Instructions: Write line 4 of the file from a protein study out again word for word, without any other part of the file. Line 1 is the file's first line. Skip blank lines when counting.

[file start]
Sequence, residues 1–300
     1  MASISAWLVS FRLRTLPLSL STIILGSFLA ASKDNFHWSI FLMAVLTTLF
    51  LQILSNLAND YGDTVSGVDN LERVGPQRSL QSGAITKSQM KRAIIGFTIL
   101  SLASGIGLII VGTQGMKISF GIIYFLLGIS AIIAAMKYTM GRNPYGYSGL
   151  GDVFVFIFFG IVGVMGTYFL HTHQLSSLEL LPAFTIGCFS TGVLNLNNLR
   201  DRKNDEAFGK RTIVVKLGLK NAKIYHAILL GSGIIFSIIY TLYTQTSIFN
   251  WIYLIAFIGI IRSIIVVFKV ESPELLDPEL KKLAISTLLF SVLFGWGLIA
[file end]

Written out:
   101  SLASGIGLII VGTQGMKISF GIIYFLLGIS AIIAAMKYTM GRNPYGYSGL